Life in plastic, it’s fantastic
Updated: Nov 18, 2020
For three days during my holiday in Mexico I stayed on the Navopatia Field Station. The Navopatia Field Station is completely off the grid, as a millennial I struggle without 4G but there wasn’t even phone signal… I stayed in a rustic hut (the one in the photo), the shower was heated by propane and the toilets were open-air pit ones. I really connected with nature, woke at sunrise and went to bed at sunset, saw wild porpoises and raw birds- it was otherworldly. I was without any form of screen, had no interaction with the outside world and spent my days reading or walking.
All this time with nature resulted with me spending the morning of my last day walking along the beach with black bin bags picking up plastic; within 30 minutes 3 bags were completely full.
When I returned to Maastricht I looked around me and began realising it was everywhere. Plastic bags last for 500-1000yrs and I realised that I didn’t want my lasting effect on earth to have been just a pile of plastic bags. Therefore, I’m now attempting to reduce the amount of plastic in my daily life and it’s surprisingly easy.
I buy my fruit and veg at the weekly market in the Markt using canvas bags, I haven’t worked out how to buy berries as they often come pre-packaged. As a vegetarian I don’t have the stress of working out how to buy meat or fish plastic free. I also have metal tupperware which I put my leftovers in. I still go to Albert Heijn to buy tins but now buy olive oil, pesto and more in glass jars, pasta and noodles can be brought in cardboard boxes.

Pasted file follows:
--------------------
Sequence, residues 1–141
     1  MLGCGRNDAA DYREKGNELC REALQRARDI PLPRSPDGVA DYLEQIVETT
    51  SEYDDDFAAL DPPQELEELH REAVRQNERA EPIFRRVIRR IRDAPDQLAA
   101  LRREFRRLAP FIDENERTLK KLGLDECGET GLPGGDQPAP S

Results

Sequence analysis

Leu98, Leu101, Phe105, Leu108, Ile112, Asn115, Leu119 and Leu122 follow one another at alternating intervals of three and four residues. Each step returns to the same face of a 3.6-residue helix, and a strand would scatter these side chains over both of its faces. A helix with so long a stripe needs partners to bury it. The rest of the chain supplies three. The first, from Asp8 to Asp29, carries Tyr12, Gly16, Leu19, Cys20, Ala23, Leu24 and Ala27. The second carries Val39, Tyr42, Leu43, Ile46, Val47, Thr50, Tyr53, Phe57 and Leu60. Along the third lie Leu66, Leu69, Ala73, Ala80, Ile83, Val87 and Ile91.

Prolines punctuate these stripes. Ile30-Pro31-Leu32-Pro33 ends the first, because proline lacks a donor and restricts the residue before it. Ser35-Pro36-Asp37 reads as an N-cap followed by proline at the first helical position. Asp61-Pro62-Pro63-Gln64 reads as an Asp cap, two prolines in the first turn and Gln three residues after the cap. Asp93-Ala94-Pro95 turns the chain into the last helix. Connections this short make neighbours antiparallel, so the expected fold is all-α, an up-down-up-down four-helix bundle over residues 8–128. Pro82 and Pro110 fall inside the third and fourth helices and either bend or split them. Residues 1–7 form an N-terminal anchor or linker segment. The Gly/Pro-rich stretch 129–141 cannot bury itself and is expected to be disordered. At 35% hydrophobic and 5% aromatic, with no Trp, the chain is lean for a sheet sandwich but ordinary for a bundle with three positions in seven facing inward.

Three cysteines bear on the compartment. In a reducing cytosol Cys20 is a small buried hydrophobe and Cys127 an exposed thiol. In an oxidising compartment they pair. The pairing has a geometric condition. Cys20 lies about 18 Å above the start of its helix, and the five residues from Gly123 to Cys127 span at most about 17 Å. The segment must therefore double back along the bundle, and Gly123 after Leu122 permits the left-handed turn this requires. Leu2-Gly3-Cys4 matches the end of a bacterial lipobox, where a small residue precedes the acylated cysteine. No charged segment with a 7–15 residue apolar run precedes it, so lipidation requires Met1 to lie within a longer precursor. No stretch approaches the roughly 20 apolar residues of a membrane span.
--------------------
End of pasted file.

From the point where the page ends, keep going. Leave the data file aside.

For toiletries and make-up, I use shampoo in a bar form and a block of soap from Lush. My toothpaste is in tablet form and also from Lush, with my toothbrush being bamboo and 100% biodegradable. Makeup is hard so I’ve had to compromise with buying cruelty free or products with recyclable packaging.
Yes, this may be more expensive than buying plastic packaged stuff but the products from lush have lasted longer than any bottle of shampoo or body wash. Although the upfront costs are greater, I spend less in the long run as the products last longer and my groceries are also cheaper now. A recent survey proves I am not alone in my environmentally conscious actions apparently, millennials are most likely to pay more for responsibly made products and roughly 80 percent want to work for companies that care about their impacts. So, it isn’t just me who believes the real cost of buying plastic is on the environment and not the wallet.
It does take more planning and more effort but when I think back to that beach in Navopatia and the stories I heard of baby birds dying of starvation because their stomachs were so full of plastic, they couldn’t even eat. I regularly have plastic free meals and know that pile of plastic bags accumulated so far in my life will not be growing anytime soon. I’m not trying to convert anyone to my way of life but would it really hurt to just bring a bag with you to Jumbo or buy a jar of pasta sauce instead?
Information about the field reserve: http://www.navopatia.org/